Construction is complete on a four-story mixed-use building at 57-04 Woodside Avenue in Woodside. A 5,229-square-foot commercial space sits at the ground floor, with eight residences above spanning 11,408 square feet, averaging 1,426 square feet apiece. The project is designed by Little Neck-based Edward Liu Architect and owned by Hai Min Liu of Golden Trend NY LLC.
The 22,144-square-foot structure occupies the entirety of its 5,592-square-foot lot, which faces Woodside Avenue to the north and 57th Street to the west. The elevated 7 train spans Roosevelt Avenue to the south. The property sits within the residential neighborhood of Woodside and overlaps with the commercial strip along Roosevelt Avenue, so its zoning includes both R6 and C1-4 districts, making it ideal for mixed development.
Several commercial properties previously occupied the site, all blighted by years of neglect and poorly-executed alterations. The two-story building on Woodside Avenue was an average, if restrained, townhouse when it was built around the start of the twentieth century.
In later years, its large ground-floor storefronts were mostly bricked-in and the second floor was wrapped in vinyl siding. The single-story warehouse to the south at 57th Street was similarly modified when its garage door was bricked-in. The two-story commercial structure to the south housed the Lou Cheung Bakery at the corner of 57th Street and Roosevelt Avenue, next door to the Number 1 Long Cheng Market.
The demolition permit was filed in May 2013. The supermarket and the bakery shut down by the second half of 2014, and the site was cleared by fall of that year. The construction permit was filed in February 2015, and foundation work for the steel-framed structure commenced later that year.
The unassuming new building, clad in red brick and unadorned except for a plain white cornice at the cap, is an improvement over the eyesores that once stood at the site. The building rises 45 feet to the parapet, and its 54-foot height, listed in the permits, appears to include the service bulkhead. A deep setback shifts the residential portion to the north end of the lot along Woodside Avenue, where the residential entrance is also located.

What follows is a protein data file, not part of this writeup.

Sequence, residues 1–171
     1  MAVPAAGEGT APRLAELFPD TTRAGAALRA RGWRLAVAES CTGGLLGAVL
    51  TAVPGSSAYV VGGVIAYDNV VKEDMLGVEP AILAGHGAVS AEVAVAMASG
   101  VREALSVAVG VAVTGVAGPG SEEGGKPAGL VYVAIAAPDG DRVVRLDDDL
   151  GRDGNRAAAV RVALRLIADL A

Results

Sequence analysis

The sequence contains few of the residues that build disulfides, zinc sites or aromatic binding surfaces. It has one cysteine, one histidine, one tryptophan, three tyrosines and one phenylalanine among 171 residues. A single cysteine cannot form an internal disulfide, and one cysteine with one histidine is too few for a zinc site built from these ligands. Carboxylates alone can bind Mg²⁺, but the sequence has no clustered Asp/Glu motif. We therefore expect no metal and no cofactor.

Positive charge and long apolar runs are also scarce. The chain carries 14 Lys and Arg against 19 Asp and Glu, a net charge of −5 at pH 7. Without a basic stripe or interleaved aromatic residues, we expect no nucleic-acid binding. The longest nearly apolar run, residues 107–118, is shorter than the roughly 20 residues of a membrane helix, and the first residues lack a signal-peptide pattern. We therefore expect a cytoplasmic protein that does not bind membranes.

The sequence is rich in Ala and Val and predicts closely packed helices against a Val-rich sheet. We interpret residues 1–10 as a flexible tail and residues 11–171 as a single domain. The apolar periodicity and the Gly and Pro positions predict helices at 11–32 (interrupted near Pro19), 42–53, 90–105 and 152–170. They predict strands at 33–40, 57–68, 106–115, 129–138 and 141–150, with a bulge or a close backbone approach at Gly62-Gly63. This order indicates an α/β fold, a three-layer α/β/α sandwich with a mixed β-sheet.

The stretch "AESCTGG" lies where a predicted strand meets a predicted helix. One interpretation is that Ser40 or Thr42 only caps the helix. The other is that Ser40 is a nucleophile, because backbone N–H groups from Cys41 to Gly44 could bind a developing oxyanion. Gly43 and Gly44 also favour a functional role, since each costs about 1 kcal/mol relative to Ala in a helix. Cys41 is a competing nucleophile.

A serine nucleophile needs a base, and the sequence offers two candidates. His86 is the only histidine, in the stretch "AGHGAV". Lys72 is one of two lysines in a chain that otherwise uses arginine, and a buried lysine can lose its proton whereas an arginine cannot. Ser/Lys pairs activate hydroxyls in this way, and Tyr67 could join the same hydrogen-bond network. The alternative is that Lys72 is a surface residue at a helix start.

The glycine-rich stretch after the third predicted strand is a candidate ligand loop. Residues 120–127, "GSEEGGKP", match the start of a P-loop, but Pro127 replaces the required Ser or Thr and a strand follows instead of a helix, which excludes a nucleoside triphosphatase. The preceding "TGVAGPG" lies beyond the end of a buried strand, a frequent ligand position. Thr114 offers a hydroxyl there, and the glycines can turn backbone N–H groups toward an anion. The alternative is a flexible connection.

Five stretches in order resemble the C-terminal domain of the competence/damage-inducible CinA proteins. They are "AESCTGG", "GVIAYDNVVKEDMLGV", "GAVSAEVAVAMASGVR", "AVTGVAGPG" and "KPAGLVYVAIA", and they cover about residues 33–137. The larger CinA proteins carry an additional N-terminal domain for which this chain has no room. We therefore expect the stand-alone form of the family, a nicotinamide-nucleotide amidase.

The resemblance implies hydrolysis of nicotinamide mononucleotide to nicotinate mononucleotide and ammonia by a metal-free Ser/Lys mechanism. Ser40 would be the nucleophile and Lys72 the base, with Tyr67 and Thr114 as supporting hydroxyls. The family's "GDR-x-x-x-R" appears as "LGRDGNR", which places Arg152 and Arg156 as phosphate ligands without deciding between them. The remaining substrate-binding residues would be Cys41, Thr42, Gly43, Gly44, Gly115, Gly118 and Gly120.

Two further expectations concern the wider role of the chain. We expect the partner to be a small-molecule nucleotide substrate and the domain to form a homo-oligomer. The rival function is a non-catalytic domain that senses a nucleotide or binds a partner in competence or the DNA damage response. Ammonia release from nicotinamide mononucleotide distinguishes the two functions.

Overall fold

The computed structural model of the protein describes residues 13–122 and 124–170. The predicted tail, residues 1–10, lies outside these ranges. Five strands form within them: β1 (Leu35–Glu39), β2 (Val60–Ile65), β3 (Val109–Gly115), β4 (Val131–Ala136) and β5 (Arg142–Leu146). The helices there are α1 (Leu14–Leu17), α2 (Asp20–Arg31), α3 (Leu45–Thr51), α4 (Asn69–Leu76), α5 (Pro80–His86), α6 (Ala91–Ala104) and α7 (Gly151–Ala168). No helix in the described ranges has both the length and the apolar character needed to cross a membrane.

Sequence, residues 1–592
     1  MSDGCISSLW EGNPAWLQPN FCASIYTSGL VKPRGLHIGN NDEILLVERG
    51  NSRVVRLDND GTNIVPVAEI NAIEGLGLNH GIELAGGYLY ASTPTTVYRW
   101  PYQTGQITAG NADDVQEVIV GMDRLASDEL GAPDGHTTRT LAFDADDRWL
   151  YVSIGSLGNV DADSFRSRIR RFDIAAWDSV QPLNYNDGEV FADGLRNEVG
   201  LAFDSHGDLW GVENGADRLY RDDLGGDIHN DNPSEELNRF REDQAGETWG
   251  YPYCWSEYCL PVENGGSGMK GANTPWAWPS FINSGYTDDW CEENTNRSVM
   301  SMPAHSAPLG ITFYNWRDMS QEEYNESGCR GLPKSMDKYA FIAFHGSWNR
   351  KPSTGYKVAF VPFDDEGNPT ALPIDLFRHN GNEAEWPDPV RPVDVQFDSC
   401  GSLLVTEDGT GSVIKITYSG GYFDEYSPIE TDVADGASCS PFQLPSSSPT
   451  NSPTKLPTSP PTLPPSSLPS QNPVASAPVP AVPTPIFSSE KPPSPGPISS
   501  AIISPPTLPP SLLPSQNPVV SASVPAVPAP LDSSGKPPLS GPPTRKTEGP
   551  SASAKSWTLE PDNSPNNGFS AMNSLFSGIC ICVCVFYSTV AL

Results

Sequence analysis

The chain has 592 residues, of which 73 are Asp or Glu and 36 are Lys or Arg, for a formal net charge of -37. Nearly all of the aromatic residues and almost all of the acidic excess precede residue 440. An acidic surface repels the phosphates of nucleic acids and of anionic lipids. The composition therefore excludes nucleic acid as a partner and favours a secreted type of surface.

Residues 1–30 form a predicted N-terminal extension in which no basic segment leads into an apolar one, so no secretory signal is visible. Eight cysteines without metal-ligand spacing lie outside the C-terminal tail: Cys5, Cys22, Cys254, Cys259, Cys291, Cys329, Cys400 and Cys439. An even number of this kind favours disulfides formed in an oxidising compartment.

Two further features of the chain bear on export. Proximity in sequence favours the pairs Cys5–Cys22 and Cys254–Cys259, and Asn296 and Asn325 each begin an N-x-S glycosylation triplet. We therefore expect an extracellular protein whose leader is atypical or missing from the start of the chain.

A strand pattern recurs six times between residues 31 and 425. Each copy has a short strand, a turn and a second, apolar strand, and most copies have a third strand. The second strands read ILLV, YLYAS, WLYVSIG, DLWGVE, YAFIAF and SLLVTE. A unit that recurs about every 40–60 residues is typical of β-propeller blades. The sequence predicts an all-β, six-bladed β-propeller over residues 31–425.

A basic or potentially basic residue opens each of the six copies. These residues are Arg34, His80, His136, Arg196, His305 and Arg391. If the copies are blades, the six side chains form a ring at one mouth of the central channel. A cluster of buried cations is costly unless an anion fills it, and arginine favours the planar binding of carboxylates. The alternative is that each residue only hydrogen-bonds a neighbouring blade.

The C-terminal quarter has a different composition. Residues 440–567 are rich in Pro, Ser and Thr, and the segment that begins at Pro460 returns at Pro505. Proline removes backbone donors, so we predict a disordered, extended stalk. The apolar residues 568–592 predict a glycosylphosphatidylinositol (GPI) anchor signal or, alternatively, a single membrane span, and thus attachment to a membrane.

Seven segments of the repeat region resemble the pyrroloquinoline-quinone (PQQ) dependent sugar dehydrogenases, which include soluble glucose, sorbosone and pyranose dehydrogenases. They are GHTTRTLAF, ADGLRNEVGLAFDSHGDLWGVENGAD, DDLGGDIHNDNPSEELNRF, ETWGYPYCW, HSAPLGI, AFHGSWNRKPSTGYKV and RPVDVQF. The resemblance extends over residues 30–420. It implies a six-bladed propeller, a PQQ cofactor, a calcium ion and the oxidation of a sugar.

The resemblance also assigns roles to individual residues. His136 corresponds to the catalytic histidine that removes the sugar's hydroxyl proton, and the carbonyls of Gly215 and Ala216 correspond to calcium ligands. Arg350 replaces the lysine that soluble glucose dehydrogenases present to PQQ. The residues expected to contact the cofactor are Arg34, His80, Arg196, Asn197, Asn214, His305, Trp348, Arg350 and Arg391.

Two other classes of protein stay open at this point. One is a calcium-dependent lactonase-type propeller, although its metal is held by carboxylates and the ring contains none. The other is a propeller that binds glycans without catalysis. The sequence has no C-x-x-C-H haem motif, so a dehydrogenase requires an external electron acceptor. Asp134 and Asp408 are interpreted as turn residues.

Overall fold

This move not only shifts residential units away from the elevated tracks, but also allows more sunlight exposure along the Roosevelt Avenue sidewalk.
The loss of the supermarket is unfortunate for the residential community, so we hope that the new ground floor retailer engages the neighborhood as effectively.
The building’s floor-to-area ratio of 2.97 is arguably underbuilt for such a transit-accessible site, which sits three blocks west of the Woodside-61st Street stop on the 7 train, as well as the Woodside station of the Long Island Rail Road. Abundant community amenities augment the argument for an increase in local density: Doughboy Plaza and Windmuller Park, the neighborhood’s largest green space, sit one block west, sharing the block with P.S. 11 Kathryn Phelan School, where a major expansion is currently in progress.
The Woodside branch of Queens Library sits across the street from the school, facing the Charles Steinmann Square. Two more public plazas sit one block east at the bowtie-shaped intersection of Roosevelt and Woodside avenues. The intersection anchors a lively shopping, dining and nightlife district, which extends along Roosevelt Avenue east toward Elmhurst and west into nearby Sunnyside.